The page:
Humanistic Psychology Flashcards, test questions and answers
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What is Humanistic Psychology?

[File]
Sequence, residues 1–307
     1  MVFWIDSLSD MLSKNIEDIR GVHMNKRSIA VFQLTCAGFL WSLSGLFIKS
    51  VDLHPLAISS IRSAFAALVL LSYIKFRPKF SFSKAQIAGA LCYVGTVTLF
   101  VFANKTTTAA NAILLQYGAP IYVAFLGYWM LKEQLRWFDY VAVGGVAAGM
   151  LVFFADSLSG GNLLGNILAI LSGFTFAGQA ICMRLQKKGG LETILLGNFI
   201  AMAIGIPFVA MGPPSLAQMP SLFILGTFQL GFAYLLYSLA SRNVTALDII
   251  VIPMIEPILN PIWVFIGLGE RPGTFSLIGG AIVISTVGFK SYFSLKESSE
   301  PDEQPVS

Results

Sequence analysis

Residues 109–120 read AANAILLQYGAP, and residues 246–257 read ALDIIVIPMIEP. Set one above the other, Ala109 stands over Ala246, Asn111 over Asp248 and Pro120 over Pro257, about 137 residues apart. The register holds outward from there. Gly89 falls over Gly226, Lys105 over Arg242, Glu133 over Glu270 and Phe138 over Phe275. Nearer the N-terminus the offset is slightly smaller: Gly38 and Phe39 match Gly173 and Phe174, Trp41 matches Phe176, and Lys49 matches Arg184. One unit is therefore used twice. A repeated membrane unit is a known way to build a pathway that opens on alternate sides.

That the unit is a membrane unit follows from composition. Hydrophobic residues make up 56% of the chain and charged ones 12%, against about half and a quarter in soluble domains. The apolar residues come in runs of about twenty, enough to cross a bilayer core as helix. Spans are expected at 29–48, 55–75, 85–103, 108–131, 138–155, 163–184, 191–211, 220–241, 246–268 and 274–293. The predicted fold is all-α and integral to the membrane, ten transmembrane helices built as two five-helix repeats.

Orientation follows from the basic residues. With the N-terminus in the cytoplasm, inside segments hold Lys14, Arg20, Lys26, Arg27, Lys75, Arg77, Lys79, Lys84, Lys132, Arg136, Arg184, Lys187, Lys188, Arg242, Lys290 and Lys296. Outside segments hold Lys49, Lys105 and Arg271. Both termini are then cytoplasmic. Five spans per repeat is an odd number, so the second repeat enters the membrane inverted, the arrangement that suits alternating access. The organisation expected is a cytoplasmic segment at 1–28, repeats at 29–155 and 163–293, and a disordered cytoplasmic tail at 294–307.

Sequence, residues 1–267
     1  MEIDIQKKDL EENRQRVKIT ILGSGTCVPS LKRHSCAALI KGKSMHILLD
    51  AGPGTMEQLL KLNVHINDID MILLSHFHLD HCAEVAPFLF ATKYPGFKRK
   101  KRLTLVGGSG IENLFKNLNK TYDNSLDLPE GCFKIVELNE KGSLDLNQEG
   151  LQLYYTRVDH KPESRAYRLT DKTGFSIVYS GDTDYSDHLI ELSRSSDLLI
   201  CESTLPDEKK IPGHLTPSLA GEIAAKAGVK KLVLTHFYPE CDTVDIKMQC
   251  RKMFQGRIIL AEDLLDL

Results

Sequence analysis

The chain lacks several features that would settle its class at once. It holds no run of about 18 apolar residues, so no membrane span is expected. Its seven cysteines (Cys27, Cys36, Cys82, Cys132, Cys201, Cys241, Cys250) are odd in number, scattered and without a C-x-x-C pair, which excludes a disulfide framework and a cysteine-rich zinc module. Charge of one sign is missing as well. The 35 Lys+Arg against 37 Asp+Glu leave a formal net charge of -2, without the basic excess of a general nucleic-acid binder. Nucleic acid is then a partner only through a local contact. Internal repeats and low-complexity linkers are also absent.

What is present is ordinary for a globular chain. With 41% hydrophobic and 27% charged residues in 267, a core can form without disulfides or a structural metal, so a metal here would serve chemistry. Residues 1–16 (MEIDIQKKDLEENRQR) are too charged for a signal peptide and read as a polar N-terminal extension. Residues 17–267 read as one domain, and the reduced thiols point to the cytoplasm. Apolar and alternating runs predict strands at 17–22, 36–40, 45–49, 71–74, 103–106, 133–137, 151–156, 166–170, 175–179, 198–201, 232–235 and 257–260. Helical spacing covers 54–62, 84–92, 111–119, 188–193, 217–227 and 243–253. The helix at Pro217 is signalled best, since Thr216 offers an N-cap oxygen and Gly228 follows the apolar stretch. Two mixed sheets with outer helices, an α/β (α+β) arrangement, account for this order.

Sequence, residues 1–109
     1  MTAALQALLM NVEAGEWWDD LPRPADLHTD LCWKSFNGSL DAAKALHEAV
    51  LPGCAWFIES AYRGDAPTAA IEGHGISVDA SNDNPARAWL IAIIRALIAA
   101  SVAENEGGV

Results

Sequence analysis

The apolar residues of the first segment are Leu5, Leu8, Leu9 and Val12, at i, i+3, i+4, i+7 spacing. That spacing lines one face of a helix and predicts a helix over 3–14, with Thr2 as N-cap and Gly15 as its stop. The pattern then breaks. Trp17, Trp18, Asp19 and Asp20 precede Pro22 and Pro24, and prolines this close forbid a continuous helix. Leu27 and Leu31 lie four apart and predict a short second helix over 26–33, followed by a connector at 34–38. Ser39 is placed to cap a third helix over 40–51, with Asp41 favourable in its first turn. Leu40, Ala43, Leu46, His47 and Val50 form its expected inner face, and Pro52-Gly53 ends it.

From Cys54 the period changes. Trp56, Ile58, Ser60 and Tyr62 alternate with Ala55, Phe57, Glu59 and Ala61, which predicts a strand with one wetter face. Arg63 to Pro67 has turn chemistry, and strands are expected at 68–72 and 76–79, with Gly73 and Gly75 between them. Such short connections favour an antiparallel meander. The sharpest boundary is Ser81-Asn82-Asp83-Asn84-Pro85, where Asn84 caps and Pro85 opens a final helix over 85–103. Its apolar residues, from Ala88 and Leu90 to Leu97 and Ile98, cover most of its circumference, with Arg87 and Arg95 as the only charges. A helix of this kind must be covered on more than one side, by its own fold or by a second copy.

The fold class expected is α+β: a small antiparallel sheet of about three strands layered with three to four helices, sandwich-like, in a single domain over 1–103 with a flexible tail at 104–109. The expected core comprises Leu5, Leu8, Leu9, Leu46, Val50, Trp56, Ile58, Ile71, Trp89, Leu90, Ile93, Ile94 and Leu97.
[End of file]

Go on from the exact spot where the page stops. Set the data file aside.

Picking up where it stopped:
Humanistic psychology is a psychological viewpoint that emphasizes the importance of internal feelings and personal growth. It focuses on understanding the individual, their emotional needs, and how they can fulfill those needs. Humanistic psychology is concerned with helping people develop their self-awareness, self-acceptance, and personal growth. It also seeks to understand how people perceive themselves and how they interact with others. By doing so, humanistic psychologists strive to nurture an environment in which individuals are able to realize their potential for positive personal change.The development of humanistic psychology began in the 1950s as an alternative approach to traditional psychoanalytic theories of behavior. Unlike Freudian thought, which emphasized unconscious processes and external determinants of behavior, humanistic psychology focused on conscious experience and intrinsic motivation. The founders of this movement including Carl Rogers, Abraham Maslow, Rollo May and Viktor Frankl believed that all humans have inner resources for growth if given the right conditions. In contrast to classical psychoanalytic techniques such as dream analysis or free association, they advocated more holistic therapies such as client-centered counseling or existential psychotherapy. At its core, humanistic psychology values each person’s unique experiences and encourages individuals to explore their potential for greater well-being through self-reflection and meaningful relationships with others. It stresses the importance of empathy in interpersonal interactions by recognizing the inherent worthiness of each individual’s subjective reality rather than trying to impose external standards or beliefs onto them. Through this approach it seeks not only to help people understand themselves better but also create meaningful connections with others where mutual respect prevails over judgmental thinking or criticism .Humanistic psychologists believe that each person has an innate capacity for growth; however it is up to them whether they choose to make use of these opportunities or not. This idea often requires courage from individuals who may have previously been discouraged from striving towards personal fulfillment due to negative experiences in life such as trauma or social rejection. Additionally it emphasizes that mental health is not simply a matter of avoiding illness but also involves actively striving towards a sense of meaning , purpose , creativity , joy , intimacy , love , freedom , authenticity , acceptance among many other life goals. Such ideals have made humanistic psychology popular both within clinical settings as well as among those looking for more holistic methods for improving overall wellbeing .